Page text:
By Gina Hamadey
There’s no doubt that the year I spent writing 365 gratitude letters and notes spread kindness and joy—to neighbors, strangers, friends and family members. But the reason I embarked on the project was selfish: Writing those notes felt good.
In January 2018, I had a big stack of thank-you notes to write to people who donated to a fundraiser for City Harvest, an organization that fights food insecurity. I hadn’t been exactly looking forward to the task, so I was surprised when I noticed the way my body reacted: I felt my shoulders relax and my heart rate slow, and a feeling of peace come over me. It felt meditative, so much so that I thought up the whole yearlong project.
Every month, I wrote to a new group of recipients: career mentors, health care workers, parenting helpers, favorite authors. I didn’t always write a note a day: Generally I wrote them in batches of 10 or 15. But that feeling never went away. My mind would transition from frayed and frazzled to calm and focused, an almost meditative state. And that feeling carried into my day. Was writing thank-you notes providing me with real mental health benefits akin to meditation?
I asked Cory Allen, a meditation expert and the author of Now Is the Way: An Unconventional Approach to Modern Mindfulness. “I would say that what you’re feeling is presence,” Allen said. “You set aside the distractions and mental fragmentations that come from living in the modern world. When you have the TV on while you’re swiping through your phone while you’re trying to eat dinner, that leaves the mind fragmented and unfocused, and ultimately it leaves you unrooted in your conscious experience. Your awareness begins to dim because of this pull in many different directions. One of the great benefits of meditation is creating and cultivating an amount of internal space. It gives you a sense of being aware of the arising thoughts and feelings that are coming into your mind and body.”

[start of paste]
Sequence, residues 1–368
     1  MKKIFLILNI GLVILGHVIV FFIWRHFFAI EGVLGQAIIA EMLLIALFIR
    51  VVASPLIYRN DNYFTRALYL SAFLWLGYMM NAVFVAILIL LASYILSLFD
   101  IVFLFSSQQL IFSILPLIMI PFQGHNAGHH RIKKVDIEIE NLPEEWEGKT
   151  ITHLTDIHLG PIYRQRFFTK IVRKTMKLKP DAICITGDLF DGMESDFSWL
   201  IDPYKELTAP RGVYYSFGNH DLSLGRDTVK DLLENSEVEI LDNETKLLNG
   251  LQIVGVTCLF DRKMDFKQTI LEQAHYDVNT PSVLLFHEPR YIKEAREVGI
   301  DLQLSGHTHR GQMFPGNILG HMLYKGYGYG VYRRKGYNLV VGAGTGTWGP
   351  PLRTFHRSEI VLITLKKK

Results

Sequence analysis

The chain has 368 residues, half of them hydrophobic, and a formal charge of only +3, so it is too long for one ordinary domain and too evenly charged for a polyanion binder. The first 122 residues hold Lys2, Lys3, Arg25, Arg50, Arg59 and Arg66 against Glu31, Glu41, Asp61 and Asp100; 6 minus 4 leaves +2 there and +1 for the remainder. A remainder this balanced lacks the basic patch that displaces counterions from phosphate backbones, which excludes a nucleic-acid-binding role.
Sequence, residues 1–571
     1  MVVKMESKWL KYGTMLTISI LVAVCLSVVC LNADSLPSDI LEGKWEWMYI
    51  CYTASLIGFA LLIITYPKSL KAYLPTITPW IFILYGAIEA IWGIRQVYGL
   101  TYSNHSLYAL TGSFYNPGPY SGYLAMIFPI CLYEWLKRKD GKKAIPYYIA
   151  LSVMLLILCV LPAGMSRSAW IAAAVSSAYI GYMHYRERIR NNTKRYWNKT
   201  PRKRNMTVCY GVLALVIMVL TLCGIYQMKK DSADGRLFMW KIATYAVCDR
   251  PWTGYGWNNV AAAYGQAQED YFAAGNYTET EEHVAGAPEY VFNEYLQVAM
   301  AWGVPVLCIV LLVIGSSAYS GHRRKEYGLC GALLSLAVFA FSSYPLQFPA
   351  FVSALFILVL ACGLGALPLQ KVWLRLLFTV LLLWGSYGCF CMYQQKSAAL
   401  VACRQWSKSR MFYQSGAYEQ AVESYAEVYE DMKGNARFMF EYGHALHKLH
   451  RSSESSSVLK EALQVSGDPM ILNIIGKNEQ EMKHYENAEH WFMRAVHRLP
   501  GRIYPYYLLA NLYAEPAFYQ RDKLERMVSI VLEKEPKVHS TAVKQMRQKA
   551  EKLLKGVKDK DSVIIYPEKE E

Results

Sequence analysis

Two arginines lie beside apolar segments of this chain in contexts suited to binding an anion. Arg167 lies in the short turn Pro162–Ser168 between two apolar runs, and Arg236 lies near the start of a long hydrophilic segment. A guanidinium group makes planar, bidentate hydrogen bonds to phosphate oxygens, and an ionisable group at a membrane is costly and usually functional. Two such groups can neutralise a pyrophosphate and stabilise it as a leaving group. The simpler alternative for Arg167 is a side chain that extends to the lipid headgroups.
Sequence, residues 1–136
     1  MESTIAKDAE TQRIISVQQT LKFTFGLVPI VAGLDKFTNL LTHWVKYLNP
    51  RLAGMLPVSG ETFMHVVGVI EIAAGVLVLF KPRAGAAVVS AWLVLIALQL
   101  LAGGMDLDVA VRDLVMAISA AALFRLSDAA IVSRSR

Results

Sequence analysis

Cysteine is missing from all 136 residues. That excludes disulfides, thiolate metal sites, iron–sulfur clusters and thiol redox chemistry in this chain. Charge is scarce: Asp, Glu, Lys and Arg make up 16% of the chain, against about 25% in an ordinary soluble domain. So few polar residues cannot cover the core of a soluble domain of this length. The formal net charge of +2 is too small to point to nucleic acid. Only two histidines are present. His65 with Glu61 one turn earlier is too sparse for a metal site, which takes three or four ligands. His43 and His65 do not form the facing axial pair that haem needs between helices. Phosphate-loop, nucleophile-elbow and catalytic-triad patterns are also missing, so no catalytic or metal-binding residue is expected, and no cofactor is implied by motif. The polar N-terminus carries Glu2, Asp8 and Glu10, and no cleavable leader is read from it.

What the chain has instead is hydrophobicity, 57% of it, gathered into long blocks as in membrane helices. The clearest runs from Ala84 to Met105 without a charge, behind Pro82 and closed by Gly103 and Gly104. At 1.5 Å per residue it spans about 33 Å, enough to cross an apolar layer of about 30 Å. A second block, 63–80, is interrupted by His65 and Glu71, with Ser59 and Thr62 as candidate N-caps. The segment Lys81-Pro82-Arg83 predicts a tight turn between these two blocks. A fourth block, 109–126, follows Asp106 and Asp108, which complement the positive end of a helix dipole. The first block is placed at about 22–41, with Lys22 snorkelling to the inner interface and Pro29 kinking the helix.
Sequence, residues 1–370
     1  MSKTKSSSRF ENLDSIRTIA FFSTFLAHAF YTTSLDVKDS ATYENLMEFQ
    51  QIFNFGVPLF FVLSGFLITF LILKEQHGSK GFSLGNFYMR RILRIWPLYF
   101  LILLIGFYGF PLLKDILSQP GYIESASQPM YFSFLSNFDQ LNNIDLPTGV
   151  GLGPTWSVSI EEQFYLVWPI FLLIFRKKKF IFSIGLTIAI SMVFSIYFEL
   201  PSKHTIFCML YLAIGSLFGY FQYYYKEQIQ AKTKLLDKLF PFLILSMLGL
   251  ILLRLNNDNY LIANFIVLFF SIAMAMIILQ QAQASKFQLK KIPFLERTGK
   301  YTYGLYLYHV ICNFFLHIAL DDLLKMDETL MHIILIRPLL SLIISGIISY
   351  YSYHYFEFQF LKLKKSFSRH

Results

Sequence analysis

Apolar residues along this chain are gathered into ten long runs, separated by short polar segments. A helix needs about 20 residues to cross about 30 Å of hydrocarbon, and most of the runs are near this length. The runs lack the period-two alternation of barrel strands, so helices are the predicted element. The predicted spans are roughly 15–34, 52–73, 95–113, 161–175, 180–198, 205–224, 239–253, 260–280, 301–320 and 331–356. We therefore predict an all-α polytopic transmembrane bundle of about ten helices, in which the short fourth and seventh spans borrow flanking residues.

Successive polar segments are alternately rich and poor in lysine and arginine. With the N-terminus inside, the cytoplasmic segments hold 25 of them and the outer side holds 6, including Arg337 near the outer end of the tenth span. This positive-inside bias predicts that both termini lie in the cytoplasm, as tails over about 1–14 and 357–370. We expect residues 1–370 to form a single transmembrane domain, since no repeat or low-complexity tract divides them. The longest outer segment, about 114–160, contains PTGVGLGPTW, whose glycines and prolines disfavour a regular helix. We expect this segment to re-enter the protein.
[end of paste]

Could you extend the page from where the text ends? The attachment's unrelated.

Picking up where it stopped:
Bret Stetka, the author of A History of the Human Brain, explained that I was literally rewiring my brain: “Sitting with any feeling, whether positive, neutral or negative, has the potential to rewire our neural connections due to our neuroplastic brains. Expressing gratitude and sitting with your positive feelings toward others would bolster these networks, making it easier for the brain to access that warmth.”
If you’re looking to start a gratitude practice of your own, begin by choosing a goal number of notes to write. If 365 sounds intimidating—and honestly, I feel you—choose a target that feels doable. Perhaps five letters per month for the next six months?
When you start writing, don’t worry about saying everything or saying the exact perfect thing. You don’t have to detail all this person has done for you—it’s OK to pick just one favor or piece of advice and describe it using specific language, and adding the way it made you feel. Don’t get caught up trying to write beautifully or poetically—it’s more impactful to write from the heart. That will make for a more meaningful letter, and it just might open up your heart in the process.
Gina Hamadey is the author of I Want to Thank You: How a Year of Gratitude Can Bring Joy and Meaning in a Disconnected World.